AIRLINK 78.61 Increased By ▲ 5.08 (6.91%)
BOP 4.65 Decreased By ▼ -0.02 (-0.43%)
CNERGY 4.03 Increased By ▲ 0.02 (0.5%)
DFML 36.48 Increased By ▲ 0.39 (1.08%)
DGKC 88.25 Increased By ▲ 1.70 (1.96%)
FCCL 22.29 Increased By ▲ 0.31 (1.41%)
FFBL 30.15 Increased By ▲ 0.14 (0.47%)
FFL 9.18 No Change ▼ 0.00 (0%)
GGL 9.92 Increased By ▲ 0.06 (0.61%)
HASCOL 6.11 Decreased By ▼ -0.14 (-2.24%)
HBL 105.00 Decreased By ▼ -0.01 (-0.01%)
HUBC 137.50 Increased By ▲ 0.05 (0.04%)
HUMNL 10.65 Decreased By ▼ -0.10 (-0.93%)
KEL 4.64 Increased By ▲ 0.15 (3.34%)
KOSM 4.00 Increased By ▲ 0.01 (0.25%)
MLCF 37.13 Increased By ▲ 0.43 (1.17%)
OGDC 119.19 Decreased By ▼ -0.21 (-0.18%)
PAEL 23.98 Increased By ▲ 0.01 (0.04%)
PIBTL 6.07 Increased By ▲ 0.02 (0.33%)
PPL 114.05 Increased By ▲ 1.55 (1.38%)
PRL 23.17 Increased By ▲ 0.36 (1.58%)
PTC 12.20 Increased By ▲ 0.30 (2.52%)
SEARL 59.05 Increased By ▲ 0.65 (1.11%)
SNGP 61.98 Increased By ▲ 0.87 (1.42%)
SSGC 9.76 Increased By ▲ 0.11 (1.14%)
TELE 7.67 Increased By ▲ 0.12 (1.59%)
TPLP 9.48 Decreased By ▼ -0.06 (-0.63%)
TRG 63.72 Increased By ▲ 0.62 (0.98%)
UNITY 26.85 Increased By ▲ 0.05 (0.19%)
WTL 1.30 Increased By ▲ 0.01 (0.78%)
BR100 7,583 Increased By 39.5 (0.52%)
BR30 24,238 Increased By 202.6 (0.84%)
KSE100 72,797 Increased By 207.9 (0.29%)
KSE30 23,213 Increased By 76.4 (0.33%)

Climate change has become the biggest threat to human life being faced by the modern world. For 70% of nations in the world today, including Pakistan, climate change is now a national security issue.

This inevitable disaster has a multitude of serious implications for both human society and environment including glaciers, permafrost, rivers, soils, forests, ecosystems, society, human security and economy, etc. These lead to far reaching consequences like food scarcity, thus making climate change a major security challenge especially for countries such as Pakistan and Bangladesh.

A large-scale catastrophic flood has been experienced in August 2022 following heavy monsoon rains in Balochistan, Khyber Pakhtunkhwa, Sindh, and Punjab regions of Pakistan. The extensive floods caused approximately one-third of Pakistan’s total land area to be submerged.

The government has consequently declared a national emergency as the floods killed more than 1600 people and destroyed homes, crops and livestock on a massive scale. The catastrophe caused by floods has affected communities in 116 districts, about 15% of the population with at least 33 million people in dire need of shelter.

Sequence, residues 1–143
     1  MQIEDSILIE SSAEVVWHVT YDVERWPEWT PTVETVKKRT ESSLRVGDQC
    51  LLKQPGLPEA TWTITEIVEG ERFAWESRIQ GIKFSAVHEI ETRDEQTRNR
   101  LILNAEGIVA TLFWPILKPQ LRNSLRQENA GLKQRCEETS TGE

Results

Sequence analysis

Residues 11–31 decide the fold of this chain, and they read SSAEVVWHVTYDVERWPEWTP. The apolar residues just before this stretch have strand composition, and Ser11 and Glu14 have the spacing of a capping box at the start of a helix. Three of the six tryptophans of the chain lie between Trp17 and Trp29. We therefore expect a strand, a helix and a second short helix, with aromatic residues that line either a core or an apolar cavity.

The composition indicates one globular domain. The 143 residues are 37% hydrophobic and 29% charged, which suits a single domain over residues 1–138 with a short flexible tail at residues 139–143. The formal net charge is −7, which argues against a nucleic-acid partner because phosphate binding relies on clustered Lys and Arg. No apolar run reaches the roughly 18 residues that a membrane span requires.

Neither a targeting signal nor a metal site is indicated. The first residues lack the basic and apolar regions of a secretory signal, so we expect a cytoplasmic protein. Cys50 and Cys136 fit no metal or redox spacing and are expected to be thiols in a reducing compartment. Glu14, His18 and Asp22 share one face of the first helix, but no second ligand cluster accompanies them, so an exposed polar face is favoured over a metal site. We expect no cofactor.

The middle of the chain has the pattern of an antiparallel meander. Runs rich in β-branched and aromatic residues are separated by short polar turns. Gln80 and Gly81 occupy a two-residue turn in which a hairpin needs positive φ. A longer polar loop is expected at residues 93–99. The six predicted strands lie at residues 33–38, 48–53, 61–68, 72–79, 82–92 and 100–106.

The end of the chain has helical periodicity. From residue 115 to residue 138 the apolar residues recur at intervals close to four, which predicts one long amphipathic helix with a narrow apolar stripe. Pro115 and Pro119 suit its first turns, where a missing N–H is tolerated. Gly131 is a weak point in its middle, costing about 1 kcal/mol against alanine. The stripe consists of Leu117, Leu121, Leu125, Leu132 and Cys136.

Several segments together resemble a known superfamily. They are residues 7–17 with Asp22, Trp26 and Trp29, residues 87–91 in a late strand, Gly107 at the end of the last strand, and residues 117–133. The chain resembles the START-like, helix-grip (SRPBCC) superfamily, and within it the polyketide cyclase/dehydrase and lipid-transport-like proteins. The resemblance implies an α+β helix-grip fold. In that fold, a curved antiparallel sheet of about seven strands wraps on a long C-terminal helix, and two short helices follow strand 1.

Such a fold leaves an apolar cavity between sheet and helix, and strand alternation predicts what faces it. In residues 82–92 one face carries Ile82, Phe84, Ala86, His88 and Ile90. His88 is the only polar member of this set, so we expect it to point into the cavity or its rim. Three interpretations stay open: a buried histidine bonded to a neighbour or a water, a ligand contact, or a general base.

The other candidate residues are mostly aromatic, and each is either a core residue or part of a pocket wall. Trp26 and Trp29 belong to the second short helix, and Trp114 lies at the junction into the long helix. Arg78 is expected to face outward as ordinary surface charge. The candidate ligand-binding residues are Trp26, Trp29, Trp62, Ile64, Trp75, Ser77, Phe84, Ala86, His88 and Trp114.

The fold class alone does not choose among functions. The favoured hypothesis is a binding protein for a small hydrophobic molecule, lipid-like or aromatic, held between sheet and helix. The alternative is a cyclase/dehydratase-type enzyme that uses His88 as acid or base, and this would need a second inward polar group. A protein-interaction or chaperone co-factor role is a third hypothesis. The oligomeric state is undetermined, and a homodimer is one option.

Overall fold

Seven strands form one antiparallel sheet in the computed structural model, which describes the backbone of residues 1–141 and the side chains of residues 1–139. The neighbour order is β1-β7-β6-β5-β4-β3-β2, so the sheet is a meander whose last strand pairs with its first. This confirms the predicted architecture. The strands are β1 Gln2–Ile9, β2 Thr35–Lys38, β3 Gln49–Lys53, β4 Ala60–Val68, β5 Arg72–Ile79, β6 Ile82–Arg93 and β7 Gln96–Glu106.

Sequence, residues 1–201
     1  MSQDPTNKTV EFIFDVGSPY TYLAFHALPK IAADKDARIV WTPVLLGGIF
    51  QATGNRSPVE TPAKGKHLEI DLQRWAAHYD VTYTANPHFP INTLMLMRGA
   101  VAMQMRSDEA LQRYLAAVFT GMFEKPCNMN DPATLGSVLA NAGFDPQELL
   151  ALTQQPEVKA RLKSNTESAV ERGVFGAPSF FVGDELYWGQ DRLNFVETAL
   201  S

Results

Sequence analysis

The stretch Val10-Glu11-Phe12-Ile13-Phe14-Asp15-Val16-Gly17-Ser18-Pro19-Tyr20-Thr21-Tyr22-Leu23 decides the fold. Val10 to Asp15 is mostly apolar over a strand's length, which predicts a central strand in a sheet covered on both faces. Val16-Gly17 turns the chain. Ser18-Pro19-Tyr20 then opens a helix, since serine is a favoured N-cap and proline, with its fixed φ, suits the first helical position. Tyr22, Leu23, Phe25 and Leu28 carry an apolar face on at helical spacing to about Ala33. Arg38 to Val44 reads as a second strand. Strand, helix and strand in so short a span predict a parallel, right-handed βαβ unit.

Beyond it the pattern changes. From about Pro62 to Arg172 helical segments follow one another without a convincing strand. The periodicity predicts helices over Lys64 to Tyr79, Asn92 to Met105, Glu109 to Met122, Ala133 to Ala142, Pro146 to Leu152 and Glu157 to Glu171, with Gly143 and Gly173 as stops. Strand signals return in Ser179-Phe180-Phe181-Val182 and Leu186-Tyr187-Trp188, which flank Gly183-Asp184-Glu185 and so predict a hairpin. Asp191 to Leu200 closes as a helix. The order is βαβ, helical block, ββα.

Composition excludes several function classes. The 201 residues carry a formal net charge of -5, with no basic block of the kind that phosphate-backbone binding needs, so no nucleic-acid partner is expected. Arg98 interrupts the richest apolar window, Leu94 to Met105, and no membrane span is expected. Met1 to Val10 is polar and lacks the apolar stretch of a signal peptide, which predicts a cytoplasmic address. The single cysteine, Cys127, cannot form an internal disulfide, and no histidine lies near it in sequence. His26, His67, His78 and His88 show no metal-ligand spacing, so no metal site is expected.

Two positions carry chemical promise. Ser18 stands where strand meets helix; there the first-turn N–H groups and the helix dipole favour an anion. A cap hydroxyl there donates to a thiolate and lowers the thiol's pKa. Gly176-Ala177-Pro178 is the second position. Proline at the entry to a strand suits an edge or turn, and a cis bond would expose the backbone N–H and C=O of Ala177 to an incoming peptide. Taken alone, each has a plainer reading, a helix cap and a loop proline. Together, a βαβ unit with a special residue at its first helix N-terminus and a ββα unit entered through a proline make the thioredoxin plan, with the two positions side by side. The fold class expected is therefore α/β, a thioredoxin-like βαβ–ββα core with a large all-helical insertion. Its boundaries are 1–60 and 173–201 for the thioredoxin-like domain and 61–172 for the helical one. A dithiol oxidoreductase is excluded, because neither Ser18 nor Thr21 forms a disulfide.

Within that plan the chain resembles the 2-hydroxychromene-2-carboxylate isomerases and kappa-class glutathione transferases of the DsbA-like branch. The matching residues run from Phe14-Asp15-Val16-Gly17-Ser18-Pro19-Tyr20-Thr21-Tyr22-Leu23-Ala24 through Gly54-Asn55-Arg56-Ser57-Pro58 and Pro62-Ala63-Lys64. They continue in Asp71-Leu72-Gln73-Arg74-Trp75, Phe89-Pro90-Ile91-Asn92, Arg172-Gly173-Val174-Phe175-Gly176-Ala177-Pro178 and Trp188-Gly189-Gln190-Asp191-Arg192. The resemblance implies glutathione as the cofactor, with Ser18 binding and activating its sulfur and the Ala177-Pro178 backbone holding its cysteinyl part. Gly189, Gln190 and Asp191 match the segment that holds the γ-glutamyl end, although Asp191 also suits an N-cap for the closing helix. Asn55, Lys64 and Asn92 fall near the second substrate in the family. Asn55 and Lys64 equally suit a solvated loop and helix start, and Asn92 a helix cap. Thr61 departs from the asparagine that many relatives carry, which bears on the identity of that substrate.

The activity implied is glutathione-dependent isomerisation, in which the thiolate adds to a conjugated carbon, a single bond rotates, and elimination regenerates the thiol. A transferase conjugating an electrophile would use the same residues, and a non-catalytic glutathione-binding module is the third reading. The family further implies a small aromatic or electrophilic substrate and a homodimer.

The Government of Pakistan and affiliated institutions have launched a multipronged campaign to counter the impact of the unprecedented floods. Pakistan Navy is in the forefront of this effort in Sindh and coastal areas to combat this epic catastrophe due to its specialty in dealing with challenges of an aquatic environment.

Pakistan Navy’s rescue teams utilizing air assets, motorized boats and life-saving equipment are providing all-out support by reaching out to people in far-flung remote areas. Additionally, in assistance to civil administration, provision of medical facilities is also being ensured through medical camps and mobile medical teams in the flood-affected areas. The marooned people in different areas have also been rescued and shifted to safe locations by Pakistan Navy.

According to the National Flood Relief Coordination Centre (NFRCC), over 25,000 people have taken refuge in 19 Navy camps and around 15,500 people have been rescued by 23 emergency response teams of the Pakistan Navy. Moreover, as per NFRCC, 552.95 tons of ration, 344,850 liters of fresh water, 2,340 tents and 2530 cooked meals have been distributed among flood-hit people by Pakistan Navy. Also, 82 medical camps established by Pakistan Navy have treated around 90,000 patients so far.

Moreover, it is not for the first time that Pakistan Navy has provided assistance in flood relief activities; Pakistan Navy has always remained pivotal in whole- hearted participation in humanitarian assistance, inland as well as abroad. The 2005 Kashmir earthquake, 2010 Pakistan floods, 2004 Indian Ocean earthquake and tsunami, and 2017 flood relief operations in Sri Lanka are few examples in this regard.

Now as the flood waters recede, a host of new challenges has emerged, however, global attention as well as national focus to some extent has shifted from the plight of the people affected by floods. Apart from onset of winter requiring early provision of shelter to the flood-hit people, threat of disease spreading throughout the beleaguered communities has added to cluster of problems arising from the catastrophic flooding. Here the institutions of Pakistan need to tackle the situation on a fast pace with contribution from other institutions/ NGOs.

It must be understood by all stakeholders that there is not a single solution which fits all for emerging non-traditional security threats in Pakistan. The Government of Pakistan needs to pay more attention to enhance assessment and proper planning to cater for similar disasters in future.

Although, the government came up with a comprehensive National Climate Change Policy (NCCP), more needs to be done while keeping other associated institutions in loop. But this is not Pakistan’s burden alone to bear but a global responsibility as well.

Copyright Business Recorder, 2022

Muhammad Arslan

The author is an M.Phil scholar from National Defence University (NDU) Islamabad in International Relations and routinely writes on current affairs


Comments are closed.